In Limbo, In Istanbul

On leaving mount Athos the everyday realities of speed, poverty, greed, manipulation and ostentatiousness seem utterly surreal. Crossing the Greek Turkish border our bus drivers were arrested for smuggling iPhones among the supplies. A group of English Muslims en route to Syria with an aid convoy of five ambulances were held up in customs with us. One of them told stories about government forces making a mother drink the soup of her own boiled baby; and that Hezbollah were carrying out attacks on white Journalists to make it look like the work of ‘rebels.’ Truth being the first victim of war, none of this could be taken at face value, but he felt his help was needed: “I’m helping to bring Islam and topple dictators who stop the prayer, Islamic way of life.”

Once in Istanbul a cab driver hiked up the agreed price mid journey and spat on the ground when I refused to travel any further. Hotel hustlers assumed I was wealthy and tried to sell me overpriced room deals.  When talking with some Kurds a sideways glancing man I had a bad gut instinct about brandished a pistol. This was all quite a contrast to Athos but serenity could be found in the hushed silence of a mosque, with newfound acquaintances, and in the mystical stringed music of a Syrian refugee, serenading along the Bosporus at sunset:

I hung around in the poorer parts of town looking for stories and shared a rented room in a house full of flickering TVs run by a women knick-named ‘the beast.’ She was grossly overweight with plucked eyebrows and an ill fitting off the shoulder dress. When she sat her belly hung between her legs like a sand bag and you could hear her coming by the sound of her heavy breathing. Her terse lips only smiled when rent money changed hands. Above my bed was a picture of an eagle with a snake grasped in its talons; quite a change from a haloed saint or Athos crucifix. There were only two excuses to stay here: morbid curiosity and cheapness. Soon it would be time to hit the road and I started searching for stories with ‘migration route to Europe’ themes.

It wasn’t hard to find people with stories to tell, this being Istanbul, the bridge between Asia and Europe. Barnabe came from Burkino Faso following a footballing dream that faded when an agent swindled him of his money.  Mohammed, 35, from Palestine, had just navigated worn torn Syria traveling from mosque to mosque. He spotted me in a crowded bazaar and his opened conversation up with the question: “Are you a Christian?” By now I was happy to answer this question thus: “I was born in a Christian country.” In Islamic countries the question of ‘which religion you belong to?’ arises quickly and this handy phrase allowed doors to open rather than close. Mohammed told me he was focused on trying to get to what he considered to be a good country, “when you have nothing to loose we take a lot of risks.” he said.  In return for conversation I bought him a meal he could barely eat because of tooth ache. He was he apologised, “a shadow of myself, ” and was “loosing my religion, just like the REM song.”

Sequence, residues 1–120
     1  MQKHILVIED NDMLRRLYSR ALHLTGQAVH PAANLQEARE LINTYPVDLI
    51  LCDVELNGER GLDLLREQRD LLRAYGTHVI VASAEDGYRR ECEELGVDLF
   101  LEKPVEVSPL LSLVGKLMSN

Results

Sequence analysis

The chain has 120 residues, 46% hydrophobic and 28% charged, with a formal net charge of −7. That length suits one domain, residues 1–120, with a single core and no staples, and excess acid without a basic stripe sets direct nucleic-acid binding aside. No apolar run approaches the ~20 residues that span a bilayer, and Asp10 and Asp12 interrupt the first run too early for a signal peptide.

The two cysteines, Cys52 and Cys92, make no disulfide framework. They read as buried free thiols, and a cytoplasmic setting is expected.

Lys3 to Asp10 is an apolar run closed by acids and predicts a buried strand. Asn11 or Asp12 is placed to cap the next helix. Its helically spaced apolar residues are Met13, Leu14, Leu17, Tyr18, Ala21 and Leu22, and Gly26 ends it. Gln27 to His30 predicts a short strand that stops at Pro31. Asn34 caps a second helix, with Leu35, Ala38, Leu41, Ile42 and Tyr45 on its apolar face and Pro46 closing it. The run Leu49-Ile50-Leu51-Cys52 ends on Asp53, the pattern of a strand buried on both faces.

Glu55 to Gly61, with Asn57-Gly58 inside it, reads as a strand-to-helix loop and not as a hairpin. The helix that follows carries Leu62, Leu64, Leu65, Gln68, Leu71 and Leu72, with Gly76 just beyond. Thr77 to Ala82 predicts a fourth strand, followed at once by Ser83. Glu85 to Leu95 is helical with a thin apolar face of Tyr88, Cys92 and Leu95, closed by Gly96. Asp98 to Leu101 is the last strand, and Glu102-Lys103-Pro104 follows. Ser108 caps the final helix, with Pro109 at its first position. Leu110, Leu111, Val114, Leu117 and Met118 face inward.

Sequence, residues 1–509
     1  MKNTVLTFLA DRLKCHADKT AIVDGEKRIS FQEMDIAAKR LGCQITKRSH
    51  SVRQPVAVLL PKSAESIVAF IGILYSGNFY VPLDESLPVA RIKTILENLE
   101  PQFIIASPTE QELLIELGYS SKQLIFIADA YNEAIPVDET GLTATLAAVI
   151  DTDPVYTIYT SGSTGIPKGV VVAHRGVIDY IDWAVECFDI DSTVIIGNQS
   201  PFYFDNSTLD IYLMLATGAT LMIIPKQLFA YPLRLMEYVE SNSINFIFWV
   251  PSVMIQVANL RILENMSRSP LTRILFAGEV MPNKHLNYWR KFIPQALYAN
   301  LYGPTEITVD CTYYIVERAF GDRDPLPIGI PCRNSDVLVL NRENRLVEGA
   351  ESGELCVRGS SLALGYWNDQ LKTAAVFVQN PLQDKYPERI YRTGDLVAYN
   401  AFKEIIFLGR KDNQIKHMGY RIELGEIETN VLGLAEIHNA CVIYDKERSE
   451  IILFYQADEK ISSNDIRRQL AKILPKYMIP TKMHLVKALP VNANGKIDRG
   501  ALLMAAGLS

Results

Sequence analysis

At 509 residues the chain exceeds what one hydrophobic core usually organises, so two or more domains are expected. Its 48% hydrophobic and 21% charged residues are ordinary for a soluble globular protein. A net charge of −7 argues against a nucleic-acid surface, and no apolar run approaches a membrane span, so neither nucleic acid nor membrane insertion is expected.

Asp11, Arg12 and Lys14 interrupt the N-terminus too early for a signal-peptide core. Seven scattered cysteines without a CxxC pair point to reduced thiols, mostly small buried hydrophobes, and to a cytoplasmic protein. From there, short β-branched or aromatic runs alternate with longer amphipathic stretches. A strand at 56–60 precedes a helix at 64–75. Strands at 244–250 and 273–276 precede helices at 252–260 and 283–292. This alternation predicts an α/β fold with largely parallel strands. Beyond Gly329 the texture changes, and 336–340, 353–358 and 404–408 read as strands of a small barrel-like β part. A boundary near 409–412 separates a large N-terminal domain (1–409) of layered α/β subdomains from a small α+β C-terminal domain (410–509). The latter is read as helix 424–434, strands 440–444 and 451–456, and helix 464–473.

Others I was bumping into were loosing or finding their religion too. Sitting in a shop front Amir, 32, an engineer from Iran, confided his feelings in me as a phalanx of sound ricocheted in the streets. The call to prayer can be the sweetest sound on earth, but sadly it can also be a cacophony. In Kabul one mosque put so much reverb and distortion out on the speakers during funerals the call to prayer sounded like psychological torture than an invitation to find peace with God. In Istanbul it was the same. The heartfelt song from Sultan Ahmed Mosque contrasted strongly with the sounds crackling from speakers near the shop. Amir winced when the azan sounded, “Islam no good,” he said. Following a dream where he asked for direction Amir was now turning to the Baha’i faith. To illustrate his frustration with the way Islam is interpreted in Iran he told me about his wife. She had been told she would “go to hell” by people of her street for independently starting a craft based business. Farzal, 35, a computer technician, sitting with us, ridiculed the finger wagers: “When they go back to God he will be very displeased with them for not using his gift to them,” he said pointing to his head, “they do not use their brains!” 

Bling Bling

Ships on the Bosporous

Street man and his dog

Baker's Dozen

Street scales

Kurdish shopkeeper


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